(A) A scanning electron micrograph showing an avascular infundibulum (dashed circle) of the lung of the domestic fowl. AM, atrial muscle. (B) Scanning electron micrograph of the lung of the Andean goose (Chloephaga melanoptera) showing an air capillary (* encircled by a dashed circle) which is surrounded by a single blood capillary (⋆). Er, erythrocytes. (C) Scanning electron micrograph showing lung parenchyma with extravasated erythrocytes (Er) that correspond in size (diameter) with those of the air capillaries (•). Some of the air capillaries are outlined with dashes lines. •, air capillaries; ►, blood capillaries. In the insert, an erythrocyte (Er) has slotted into an air capillary. (D, E) Low- (D) and high (E) magnification transmission electron micrographs showing air capillaries (*) and blood capillaries (⋆). In E, a blood capillary (⋆) is almost completely surrounded by air in the air capillaries (*). ↑, epithelial-epithelial cells connections; □, blood-gas (tissue) barrier; Er, erythrocytes; circle (O), blood capillary-blood capillary connection. (F) High magnification transmission electron micrograph showing the structure of the blood-gas (tissue) barrier. It [blood-gas (tissue) barrier] consists of an epithelial cell (Ep), an endothelial cell (En) and a basement membrane (BM). ⋆, blood capillary; *, air capillary. The insert shows a logarithmic scale that was used to determine the harmonic mean thickness of the blood-gas (tissue) barrier and that of the total barrier.

https://doi.org/10.1371/journal.pone.0174395.g003

Morphometric findings

The mean body mass and VL of the Andean geese were respectively 2,636±144 g and 112±5.23 cm3 (S1 Table). The volume densities of the main structural components of the lung were: lung parenchyma (LP) = 61.7±7.4%; parabronchi and secondary bronchi = 25.8±3.7%; blood vessels larger than BCs = 9.5±1.4% and; primary bronchus = 3.0±5.2% (S2 Table). Concerning the structural components of the LP, the volume densities of the ACs, the BCs and the structural tissue were respectively 63.4±3.0, 28.2±2.9 and 8.4±0.13% (S3 Table). The surface area of the BGB was 2.52±0.025 m2 (S4 Table) and the τht and the τhb (S5 Table), were respectively 0.222±0.01 μm and 0.474±0.08 μm and the Deo2, the DMo2 and the DLo2 (S6 Table) were respectively 0.221±0.02, 3.87±0.89 and 0.312±0.03 mlO2.sec-1.mbar-1.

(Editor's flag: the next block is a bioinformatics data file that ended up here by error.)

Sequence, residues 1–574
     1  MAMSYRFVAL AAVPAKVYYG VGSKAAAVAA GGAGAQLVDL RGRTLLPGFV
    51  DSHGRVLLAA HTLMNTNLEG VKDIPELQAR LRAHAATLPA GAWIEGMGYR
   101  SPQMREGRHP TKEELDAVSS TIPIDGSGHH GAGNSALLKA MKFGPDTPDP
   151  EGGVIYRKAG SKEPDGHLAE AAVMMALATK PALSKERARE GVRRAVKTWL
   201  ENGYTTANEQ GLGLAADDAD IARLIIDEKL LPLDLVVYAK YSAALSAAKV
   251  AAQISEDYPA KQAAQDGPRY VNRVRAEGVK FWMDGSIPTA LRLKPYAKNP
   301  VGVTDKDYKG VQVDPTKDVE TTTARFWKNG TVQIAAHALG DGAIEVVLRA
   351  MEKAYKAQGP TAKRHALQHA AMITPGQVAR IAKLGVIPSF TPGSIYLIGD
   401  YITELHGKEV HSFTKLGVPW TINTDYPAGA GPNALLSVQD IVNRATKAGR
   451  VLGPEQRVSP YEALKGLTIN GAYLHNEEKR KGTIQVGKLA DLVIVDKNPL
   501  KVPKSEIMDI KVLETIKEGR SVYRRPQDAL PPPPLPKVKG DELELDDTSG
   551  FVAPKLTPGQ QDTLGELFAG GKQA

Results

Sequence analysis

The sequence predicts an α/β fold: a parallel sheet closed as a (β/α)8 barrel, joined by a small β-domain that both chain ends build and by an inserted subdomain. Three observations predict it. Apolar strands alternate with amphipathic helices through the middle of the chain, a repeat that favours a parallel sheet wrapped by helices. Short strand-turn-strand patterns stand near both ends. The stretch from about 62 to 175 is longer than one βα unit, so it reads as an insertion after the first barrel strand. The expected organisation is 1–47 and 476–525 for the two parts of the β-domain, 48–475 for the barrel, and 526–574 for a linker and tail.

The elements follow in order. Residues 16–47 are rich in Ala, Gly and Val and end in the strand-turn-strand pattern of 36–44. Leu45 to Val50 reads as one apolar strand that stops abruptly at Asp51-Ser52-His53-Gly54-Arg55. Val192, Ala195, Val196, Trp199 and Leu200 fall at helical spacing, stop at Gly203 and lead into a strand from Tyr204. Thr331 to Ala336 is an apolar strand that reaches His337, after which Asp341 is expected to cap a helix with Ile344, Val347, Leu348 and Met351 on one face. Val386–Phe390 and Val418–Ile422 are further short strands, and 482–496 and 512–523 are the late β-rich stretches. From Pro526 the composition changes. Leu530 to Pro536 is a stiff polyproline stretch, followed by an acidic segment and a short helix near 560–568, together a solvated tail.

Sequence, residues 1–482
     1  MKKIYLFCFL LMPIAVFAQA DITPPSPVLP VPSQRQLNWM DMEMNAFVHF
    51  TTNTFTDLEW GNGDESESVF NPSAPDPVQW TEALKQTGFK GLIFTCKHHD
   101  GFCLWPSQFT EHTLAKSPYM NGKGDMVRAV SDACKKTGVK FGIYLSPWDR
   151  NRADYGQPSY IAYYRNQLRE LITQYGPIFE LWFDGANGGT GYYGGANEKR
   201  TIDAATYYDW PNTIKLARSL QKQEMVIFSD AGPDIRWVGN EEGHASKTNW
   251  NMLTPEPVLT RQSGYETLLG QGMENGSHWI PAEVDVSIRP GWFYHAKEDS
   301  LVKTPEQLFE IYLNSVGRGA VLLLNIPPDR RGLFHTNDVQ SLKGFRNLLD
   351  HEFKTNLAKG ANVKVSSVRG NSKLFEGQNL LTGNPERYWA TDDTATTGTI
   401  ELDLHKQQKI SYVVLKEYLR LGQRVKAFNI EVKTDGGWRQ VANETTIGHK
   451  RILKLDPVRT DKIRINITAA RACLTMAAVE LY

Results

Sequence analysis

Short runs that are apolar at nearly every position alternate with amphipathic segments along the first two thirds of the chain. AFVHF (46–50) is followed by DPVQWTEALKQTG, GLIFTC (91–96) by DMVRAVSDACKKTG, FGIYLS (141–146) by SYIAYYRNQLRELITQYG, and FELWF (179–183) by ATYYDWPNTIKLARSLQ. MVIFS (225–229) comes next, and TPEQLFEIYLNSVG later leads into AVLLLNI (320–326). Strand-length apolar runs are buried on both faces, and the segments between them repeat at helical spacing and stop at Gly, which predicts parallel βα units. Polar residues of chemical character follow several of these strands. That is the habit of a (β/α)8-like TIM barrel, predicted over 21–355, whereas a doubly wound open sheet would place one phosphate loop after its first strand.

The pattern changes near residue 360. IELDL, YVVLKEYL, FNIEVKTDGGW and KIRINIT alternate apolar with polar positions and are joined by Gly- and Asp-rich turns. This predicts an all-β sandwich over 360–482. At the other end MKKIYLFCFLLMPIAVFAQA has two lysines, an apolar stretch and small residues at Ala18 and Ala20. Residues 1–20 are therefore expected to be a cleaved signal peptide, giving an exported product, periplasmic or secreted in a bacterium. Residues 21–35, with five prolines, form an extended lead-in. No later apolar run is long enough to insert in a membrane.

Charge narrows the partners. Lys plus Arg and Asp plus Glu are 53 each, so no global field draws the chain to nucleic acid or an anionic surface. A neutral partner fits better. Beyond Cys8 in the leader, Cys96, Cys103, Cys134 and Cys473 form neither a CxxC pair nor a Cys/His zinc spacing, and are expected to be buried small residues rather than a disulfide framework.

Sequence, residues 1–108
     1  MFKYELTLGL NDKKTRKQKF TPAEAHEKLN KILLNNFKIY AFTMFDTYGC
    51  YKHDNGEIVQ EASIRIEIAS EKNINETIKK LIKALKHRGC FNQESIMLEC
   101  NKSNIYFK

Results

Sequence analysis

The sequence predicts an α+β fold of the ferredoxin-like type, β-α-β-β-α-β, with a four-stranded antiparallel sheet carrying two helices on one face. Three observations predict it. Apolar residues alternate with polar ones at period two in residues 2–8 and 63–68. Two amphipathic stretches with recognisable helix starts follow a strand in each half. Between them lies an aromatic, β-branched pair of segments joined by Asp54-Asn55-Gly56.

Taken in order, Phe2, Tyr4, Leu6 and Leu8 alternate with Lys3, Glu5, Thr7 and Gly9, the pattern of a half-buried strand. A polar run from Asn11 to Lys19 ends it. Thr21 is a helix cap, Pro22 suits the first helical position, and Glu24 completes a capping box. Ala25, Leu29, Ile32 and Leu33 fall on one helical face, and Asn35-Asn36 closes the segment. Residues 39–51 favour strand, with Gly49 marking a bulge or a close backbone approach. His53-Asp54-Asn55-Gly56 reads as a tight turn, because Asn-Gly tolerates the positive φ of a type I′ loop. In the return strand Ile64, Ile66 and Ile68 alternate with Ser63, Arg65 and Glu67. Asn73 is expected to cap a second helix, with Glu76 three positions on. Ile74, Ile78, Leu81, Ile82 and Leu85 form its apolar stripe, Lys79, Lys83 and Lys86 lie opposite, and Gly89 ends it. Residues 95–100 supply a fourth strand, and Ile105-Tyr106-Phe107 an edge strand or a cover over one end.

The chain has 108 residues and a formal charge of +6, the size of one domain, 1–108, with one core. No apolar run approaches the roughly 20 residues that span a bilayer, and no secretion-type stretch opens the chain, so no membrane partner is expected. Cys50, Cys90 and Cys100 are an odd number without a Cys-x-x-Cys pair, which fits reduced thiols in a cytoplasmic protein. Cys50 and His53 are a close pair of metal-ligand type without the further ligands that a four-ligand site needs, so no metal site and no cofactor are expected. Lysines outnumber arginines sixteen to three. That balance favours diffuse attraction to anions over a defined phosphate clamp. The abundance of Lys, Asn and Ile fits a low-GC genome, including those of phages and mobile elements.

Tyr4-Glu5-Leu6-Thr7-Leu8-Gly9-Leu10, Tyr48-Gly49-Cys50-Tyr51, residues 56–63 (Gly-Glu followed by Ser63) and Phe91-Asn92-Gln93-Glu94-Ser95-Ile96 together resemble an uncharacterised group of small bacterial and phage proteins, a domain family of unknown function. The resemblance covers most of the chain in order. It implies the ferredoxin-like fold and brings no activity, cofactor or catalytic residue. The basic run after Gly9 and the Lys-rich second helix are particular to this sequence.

Comparison of some pulmonary morphometric parameters of the lung of the Andean goose with those of some species of birds is shown on Table 2 (S7 Table) and with those of the population of birds on which data are available (S8 Table) on Figs 49.

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Table 2. Comparison of some pulmonary morphometric parameters of the Andean goose (Chloephaga melanoptera) with those of other species of birds.

BM, body mass; τht, harmonic mean thickness of the blood-gas (tissue) barrier; VL.BM-1, volume of the lung per unit body mass; V(PCB).BM-1, volume of the pulmonary capillary blood per unit body mass; V(PCB).S(t)-1, volume of the pulmonary capillary blood per unit surface area of the blood-gas tissue barrier; S(t).BM-1, surface area of the blood-gas (tissue) barrier per unit body mass; S(t).V(LP)-1, surface area of the blood-gas (tissue) barrier per unit volume of the lung parenchyma; DLo2.kg-1, total (overall) morphometric pulmonary diffusing capacity of the lung per unit body mass.

https://doi.org/10.1371/journal.pone.0174395.t002

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Fig 4. Regression line plotted on logarithmic x-y axes showing the correlation between the Volumes of the Lungs (VL) of birds on which data are available against Body Masses (BM).

The values of the three specimens of the Andean goose (Chloephaga melanoptera) that were investigated in this study lie above the common regression line of the bird population. The data on which the regression line was plotted are summarized in publications [33], [37], [39] and [5456] and are given in data supporting this paper (S8 Table).

https://doi.org/10.1371/journal.pone.0174395.g004

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Fig 5. Regression line plotted on logarithmic x-y axes showing the correlation between the surface areas of the blood-gas (tissue) barriers (St) of the lungs of birds on which data are available against Body Masses (BM).

The values of the three specimens of the Andean goose (Chloephaga melanoptera) that were investigated in this study lie above the regression line of the bird population. The data on which the regression line was plotted are summarized in publications [33], [37], [39] and [5456] and are given in data supporting this paper (S8 Table).

https://doi.org/10.1371/journal.pone.0174395.g005

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Fig 6. Regression line plotted on logarithmic x-y axes showing the correlation between the Pulmonary Capillary Blood Volume (PCBV) of the lungs of birds that have been studied against Body Masses (BM).